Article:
I feel ill. You know that feeling when you totally destroy a rod and you can't believe what you just did.
I have always turned my grips on the rod (I don't have a lathe) with an electric drill. I'd heard (can't remember if it was here or elsewhere) that drywall screen was the proverbial bomb for turning grips so I got some. I had two grips on two rods glued up and ready to turn last weekend.
Saturday-Grip 1 - "Wow, this 100 grit drywall screen is awesome. Look at the cork fly! A few more seconds and this baby will be done"....crunch! Just as I was nearly done the screen, which I was holding with moderate tension, grabbed the cork, but the drill kept turning. Fortunately this rod was for myself and I can't tell that anything really happened except that I think it probably shattered under the grip. I may finish it out and keep it for test casting that particular taper.
Sunday-Grip 2 - (a flimsy 2 weight by the way) "Well, if I set the clutch on my drill for very light tension and hold that drywall screen very very gently, it will surely not do the same thing. Hmm, seems to be okay, just a few more seconds and this baby will be..." crunch! Yep, you guessed it. Unfortunately this one wasn't for me and the blank section (below the grip) feels like rubber. It's fried. Screwed it up twice, shame on me. I get a DA Award for that one.
I'd rather go on Fear Factor and drink bile and eat cow eyeballs than have that feeling again. Word to the wise, you cannot be careful enough when turning grips on the rod using stiff drywall screen. I'd opt for not even giving into the temptation if I were you. (Phil Smith)
Welcome to the screwed up a rod club!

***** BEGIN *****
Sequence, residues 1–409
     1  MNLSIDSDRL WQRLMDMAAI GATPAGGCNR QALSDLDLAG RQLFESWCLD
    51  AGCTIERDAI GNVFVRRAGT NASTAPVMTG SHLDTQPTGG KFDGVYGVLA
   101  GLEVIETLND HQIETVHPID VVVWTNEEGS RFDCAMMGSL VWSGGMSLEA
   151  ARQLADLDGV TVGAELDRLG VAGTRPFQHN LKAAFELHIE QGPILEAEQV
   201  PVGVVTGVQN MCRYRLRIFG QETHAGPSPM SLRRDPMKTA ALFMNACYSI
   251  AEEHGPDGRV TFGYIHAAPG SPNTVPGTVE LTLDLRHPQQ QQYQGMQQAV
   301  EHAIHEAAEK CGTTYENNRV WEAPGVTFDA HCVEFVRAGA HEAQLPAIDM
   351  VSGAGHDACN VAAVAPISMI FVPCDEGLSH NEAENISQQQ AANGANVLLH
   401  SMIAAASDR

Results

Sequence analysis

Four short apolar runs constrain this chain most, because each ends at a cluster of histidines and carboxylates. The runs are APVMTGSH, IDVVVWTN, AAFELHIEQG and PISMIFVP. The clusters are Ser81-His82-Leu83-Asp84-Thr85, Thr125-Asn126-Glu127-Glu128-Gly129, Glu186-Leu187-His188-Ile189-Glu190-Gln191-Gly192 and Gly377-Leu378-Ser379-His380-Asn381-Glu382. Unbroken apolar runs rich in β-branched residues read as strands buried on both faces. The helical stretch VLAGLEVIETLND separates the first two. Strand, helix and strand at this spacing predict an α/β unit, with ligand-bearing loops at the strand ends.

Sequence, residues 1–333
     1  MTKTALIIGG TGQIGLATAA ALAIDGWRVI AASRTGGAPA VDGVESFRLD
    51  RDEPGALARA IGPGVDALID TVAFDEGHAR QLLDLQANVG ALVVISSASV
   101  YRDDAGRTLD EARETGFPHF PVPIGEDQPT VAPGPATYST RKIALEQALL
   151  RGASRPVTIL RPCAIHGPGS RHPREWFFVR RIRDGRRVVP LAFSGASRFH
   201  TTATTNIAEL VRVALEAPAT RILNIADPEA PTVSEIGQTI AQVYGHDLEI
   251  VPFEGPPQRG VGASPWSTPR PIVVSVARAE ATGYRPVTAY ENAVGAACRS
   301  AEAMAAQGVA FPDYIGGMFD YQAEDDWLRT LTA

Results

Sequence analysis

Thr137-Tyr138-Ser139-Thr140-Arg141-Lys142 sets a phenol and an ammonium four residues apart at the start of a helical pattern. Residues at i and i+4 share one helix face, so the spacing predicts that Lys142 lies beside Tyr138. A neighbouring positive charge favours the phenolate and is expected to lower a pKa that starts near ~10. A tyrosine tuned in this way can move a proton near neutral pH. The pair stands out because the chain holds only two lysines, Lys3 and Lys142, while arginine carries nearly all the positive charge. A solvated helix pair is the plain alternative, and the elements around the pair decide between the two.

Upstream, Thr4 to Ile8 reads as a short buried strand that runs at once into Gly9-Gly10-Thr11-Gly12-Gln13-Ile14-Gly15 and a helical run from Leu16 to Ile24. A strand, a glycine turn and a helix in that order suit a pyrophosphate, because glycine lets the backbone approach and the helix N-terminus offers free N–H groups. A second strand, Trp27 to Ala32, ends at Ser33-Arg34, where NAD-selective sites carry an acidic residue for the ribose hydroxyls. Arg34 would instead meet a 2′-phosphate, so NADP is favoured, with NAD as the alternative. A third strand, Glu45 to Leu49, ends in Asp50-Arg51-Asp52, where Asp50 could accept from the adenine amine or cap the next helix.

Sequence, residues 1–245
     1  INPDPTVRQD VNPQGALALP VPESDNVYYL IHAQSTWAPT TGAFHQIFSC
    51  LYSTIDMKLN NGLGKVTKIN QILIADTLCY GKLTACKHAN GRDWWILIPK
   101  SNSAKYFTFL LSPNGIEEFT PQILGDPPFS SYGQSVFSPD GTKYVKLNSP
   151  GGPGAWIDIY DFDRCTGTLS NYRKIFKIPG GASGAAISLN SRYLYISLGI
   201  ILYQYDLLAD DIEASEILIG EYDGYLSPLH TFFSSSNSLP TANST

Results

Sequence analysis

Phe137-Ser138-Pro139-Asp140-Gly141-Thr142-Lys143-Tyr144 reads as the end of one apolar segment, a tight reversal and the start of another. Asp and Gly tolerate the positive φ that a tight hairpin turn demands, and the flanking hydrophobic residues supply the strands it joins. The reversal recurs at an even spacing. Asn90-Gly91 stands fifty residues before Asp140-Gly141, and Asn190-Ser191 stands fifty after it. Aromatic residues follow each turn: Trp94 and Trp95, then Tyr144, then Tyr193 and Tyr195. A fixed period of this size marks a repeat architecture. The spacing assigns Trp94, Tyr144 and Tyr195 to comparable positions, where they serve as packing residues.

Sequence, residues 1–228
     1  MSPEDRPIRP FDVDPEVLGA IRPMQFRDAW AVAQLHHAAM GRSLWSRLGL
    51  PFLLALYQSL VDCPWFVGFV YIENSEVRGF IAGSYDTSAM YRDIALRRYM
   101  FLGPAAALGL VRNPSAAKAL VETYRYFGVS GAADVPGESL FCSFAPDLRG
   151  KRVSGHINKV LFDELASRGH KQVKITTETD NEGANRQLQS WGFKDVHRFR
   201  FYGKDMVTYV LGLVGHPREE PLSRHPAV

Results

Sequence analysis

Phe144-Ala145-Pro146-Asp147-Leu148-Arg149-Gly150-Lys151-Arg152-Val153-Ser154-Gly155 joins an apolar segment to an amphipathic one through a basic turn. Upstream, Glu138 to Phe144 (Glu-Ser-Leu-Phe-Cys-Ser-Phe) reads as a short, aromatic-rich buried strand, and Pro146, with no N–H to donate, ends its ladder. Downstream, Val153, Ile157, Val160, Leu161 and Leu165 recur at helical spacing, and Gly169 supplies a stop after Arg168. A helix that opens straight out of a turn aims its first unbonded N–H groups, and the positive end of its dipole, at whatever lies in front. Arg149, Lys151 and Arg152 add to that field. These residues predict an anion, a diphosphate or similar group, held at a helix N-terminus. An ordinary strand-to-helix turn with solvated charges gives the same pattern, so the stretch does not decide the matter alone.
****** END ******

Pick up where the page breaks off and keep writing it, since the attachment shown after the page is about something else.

Don't throw them away- yet. Carefully cut off the cork and determine where the break occurred. If you have enough leeway, cut off the damaged part and install a false butt section. Taper the cane just as you would a ferrule station, then take a dowel about the same diameter as the butt and center drill it to the diameter of the tapered cane. Glue together and put on a new grip and reel seat. This should work as long as it is under the grip as you are not dealing with one of those flex into the grip tapers. We will never tell. You may not want to sell them, but you might end up with two fishable rods.
I have to tell you that I have never done this myself (really!) but I have seen it done by some respected makers when they ended up with short butt sections.
This is why I turn my grips on a lathe, which of course leads to its own problems as detailed in my "new topic for the list" posts of last week. (Jeff Schaeffer)
This is not a new tip, I know, but the story below seems like the best evidence yet for the lesson. I'd heard two sad stories about turning a grip while on the rod, even on a lathe, that I switched to turning the grip while on an aluminum rod, or on a 1/4" 24 tpi threaded rod that is the center of a vertical cork press jig. If on the aluminum dowel rod, the grip is held firmly by compression and pops right off after shaping (worked with either U-40 rod bond epoxy or Titebond). If on the threaded rod, I scraped a bar of soap on the threads and the shaped grip popped off easily. I've not had a problem with fitting and sticking the shaped grip to the blank. (Paul Franklyn)
Well here's another story about grips! last night I was making an all cork grip for a light weight 7 ft x 4 wt so I decided to shape the grip then turn down the seat area to receive two nice pewter sliding bands. Then I glued on the last cork ring which is is flared up to a larger diameter to keep the slide bands from coming off the end. Guess what? I forgot to install the two slide bands and can't get them on over the last cork ring. Geez! You'd think a guy would know how to do it right after a couple hundred rods. (Ray Gould)